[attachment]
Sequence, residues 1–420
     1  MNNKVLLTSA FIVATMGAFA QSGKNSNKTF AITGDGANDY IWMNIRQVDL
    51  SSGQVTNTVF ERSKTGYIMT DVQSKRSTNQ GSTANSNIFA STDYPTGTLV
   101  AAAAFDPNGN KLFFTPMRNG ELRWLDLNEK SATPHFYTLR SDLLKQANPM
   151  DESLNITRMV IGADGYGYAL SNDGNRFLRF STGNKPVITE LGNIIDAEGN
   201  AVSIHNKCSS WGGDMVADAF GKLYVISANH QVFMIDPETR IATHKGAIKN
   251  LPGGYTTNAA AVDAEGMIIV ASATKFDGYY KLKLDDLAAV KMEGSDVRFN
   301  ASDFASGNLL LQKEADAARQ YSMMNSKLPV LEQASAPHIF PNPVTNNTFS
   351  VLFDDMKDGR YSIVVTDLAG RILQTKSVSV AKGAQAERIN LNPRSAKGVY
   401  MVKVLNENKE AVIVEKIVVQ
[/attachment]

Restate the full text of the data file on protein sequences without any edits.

Sequence, residues 1–420
     1  MNNKVLLTSA FIVATMGAFA QSGKNSNKTF AITGDGANDY IWMNIRQVDL
    51  SSGQVTNTVF ERSKTGYIMT DVQSKRSTNQ GSTANSNIFA STDYPTGTLV
   101  AAAAFDPNGN KLFFTPMRNG ELRWLDLNEK SATPHFYTLR SDLLKQANPM
   151  DESLNITRMV IGADGYGYAL SNDGNRFLRF STGNKPVITE LGNIIDAEGN
   201  AVSIHNKCSS WGGDMVADAF GKLYVISANH QVFMIDPETR IATHKGAIKN
   251  LPGGYTTNAA AVDAEGMIIV ASATKFDGYY KLKLDDLAAV KMEGSDVRFN
   301  ASDFASGNLL LQKEADAARQ YSMMNSKLPV LEQASAPHIF PNPVTNNTFS
   351  VLFDDMKDGR YSIVVTDLAG RILQTKSVSV AKGAQAERIN LNPRSAKGVY
   401  MVKVLNENKE AVIVEKIVVQ